Space: The Final Frontier for Ethernet

 
 
By Paula Musich  |  Posted 2008-02-12 Email Print this article Print
 
 
 
 
 
 
 

The European Union's Columbus space module contains what officials describe as the first commercial LAN in space. 

Ethernet LANs have been used everywhere from the data center to the home and even the Starbucks around the corner. But space could very well be the final frontier for the technology.

On the Columbus module in the Atlantis Space Shuttle that rendezvoused on Feb. 16 with the International Space Station, the European Aeronautic Defense and Space Company installed customized ProCurve 100M bps LAN switches designed to connect not only computers on the ISS, but also scientific test and measurement equipment.

The Columbus, which docked with the ISS to become another component of the ISS, is the first European lab dedicated to long-term space research and is Europe's largest contribution to the buildout of the ISS.

The Columbus carries a series of five racks, or payloads, that each perform specific functions. The Biolab payload, for example, allows researchers to conduct experiments on micro organisms, cell and tissue cultures and small plants and animals. A Fluid Science Lab payload looks at the complex behaviors of fluids and a European Physiology Modules facility payload is intended to allow long-term study on the effects of weightlessness on body functions such as bone loss, circulation, respiration and immune system response.

The decision to network the payloads required that EADS upgrade the network from an old Cabletron hub LAN operating at 10M bps to a faster 100M bps LAN, according to Rolf Schmidhuber, Columbus data management system technology leader for EADS Space Transportation in Bremen, Germany.

"Originally we only had connected our computers with the 10 megabit LAN, but we felt it wasn't fast enough. We wanted higher performance for the payloads. So we built the system to support scientific payloads accommodated in 19 inch racks, with those payloads connected to the LAN," he said.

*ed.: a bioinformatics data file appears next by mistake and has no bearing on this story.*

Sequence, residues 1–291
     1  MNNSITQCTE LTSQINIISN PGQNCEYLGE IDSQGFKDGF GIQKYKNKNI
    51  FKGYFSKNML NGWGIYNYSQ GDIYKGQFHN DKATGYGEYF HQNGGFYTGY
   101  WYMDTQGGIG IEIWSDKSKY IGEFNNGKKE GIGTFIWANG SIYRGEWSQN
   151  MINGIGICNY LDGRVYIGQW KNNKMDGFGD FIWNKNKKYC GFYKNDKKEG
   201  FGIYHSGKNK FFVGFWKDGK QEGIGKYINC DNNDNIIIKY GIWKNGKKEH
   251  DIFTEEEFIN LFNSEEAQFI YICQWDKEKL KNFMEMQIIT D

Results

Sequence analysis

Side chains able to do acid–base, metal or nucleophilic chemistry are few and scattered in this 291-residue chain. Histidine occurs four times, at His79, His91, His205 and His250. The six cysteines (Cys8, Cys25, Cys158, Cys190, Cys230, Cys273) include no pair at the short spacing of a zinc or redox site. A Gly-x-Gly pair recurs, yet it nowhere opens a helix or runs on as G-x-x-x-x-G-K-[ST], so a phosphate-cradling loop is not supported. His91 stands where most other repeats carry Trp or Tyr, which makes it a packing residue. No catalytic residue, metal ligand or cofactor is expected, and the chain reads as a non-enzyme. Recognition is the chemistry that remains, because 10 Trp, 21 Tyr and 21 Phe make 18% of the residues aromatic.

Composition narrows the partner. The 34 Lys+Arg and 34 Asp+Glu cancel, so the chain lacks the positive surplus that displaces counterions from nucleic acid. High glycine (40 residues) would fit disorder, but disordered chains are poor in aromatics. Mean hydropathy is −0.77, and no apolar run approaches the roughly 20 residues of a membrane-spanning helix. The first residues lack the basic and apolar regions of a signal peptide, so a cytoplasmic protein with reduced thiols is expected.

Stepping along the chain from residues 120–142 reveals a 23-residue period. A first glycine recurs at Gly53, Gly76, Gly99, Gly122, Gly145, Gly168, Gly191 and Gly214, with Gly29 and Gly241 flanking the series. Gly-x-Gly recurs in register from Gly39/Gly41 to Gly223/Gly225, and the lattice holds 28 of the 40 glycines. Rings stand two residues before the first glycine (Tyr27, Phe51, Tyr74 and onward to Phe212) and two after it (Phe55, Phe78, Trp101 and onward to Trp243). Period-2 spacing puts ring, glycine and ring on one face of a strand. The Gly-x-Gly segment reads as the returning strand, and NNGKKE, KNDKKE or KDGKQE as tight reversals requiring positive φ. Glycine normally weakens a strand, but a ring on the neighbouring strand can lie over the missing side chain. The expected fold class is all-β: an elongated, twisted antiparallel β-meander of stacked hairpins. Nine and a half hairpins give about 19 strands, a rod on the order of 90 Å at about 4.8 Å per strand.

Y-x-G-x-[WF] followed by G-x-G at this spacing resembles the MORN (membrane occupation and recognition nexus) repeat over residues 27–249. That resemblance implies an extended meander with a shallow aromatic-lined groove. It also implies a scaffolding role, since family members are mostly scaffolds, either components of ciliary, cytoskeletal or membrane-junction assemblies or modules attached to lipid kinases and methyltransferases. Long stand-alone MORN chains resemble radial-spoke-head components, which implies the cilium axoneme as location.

EADS Space Transportation selected the ProCurve 2524 LAN switches after evaluating switches from Avaya, Cisco, D-Link, Netgear and 3Com. The ProCurve 2524 switches were selected for their performance, reliability, robustness, resistance to radiation and mechanical disruption and management functions.

"We focused on vendors that could provide a small box with few electronic components [to minimize] potential radiation problems," Schmidhuber. "In radiation tests we did in Switzerland, we found that HP was the best of those we had [evaluated]. And some of the other switches could not be programmed or adjusted as HP's could."

Although EADS Space Transportation had to make some changes to the ProCurve 2524 switches, including eliminating the sheet metal enclosure, Schmidhuber said they are the first commercial switches in space.

"We have taken the ProCurve as it is, without electrical modifications. The only thing we modified is the cooling method. We removed the heat sink in the switching fabric and substituted it with copper strips that conduct the heat to the housing ground plate," he said.

EADS Space Transportation technicians also designed an aluminum enclosure to house the switches that can withstand intense vibration. "We built a structure so that vibration doesn't destroy the box," Schmidhuber said.

Reliability is key in the LAN, because if it fails, the scientific experiments fail. But EADS after extensive testing has "every confidence" in the ProCurve switch, Schmidhuber said.

In addition to connecting the payloads within the Columbus research module, the LAN also connects to computers in the ISS via a specific VLAN attached to the ISS's own LAN.

Data from the Columbus payloads will be distributed to all the computers on the system, so that they'll all have the same information, Schmidhuber said. "There's a main computer that collects all the system data, then this information will be distributed to all the other computers."

The payload data will also be transferred to the ISS LAN, which is attached to a satellite downlink for transmission to experimenters on the ground. The payload data will go to the Columbus Control Center in Oberpfaffenhofen, Germany.

 

 
 
 
 
 
 
 
 
 
 
 

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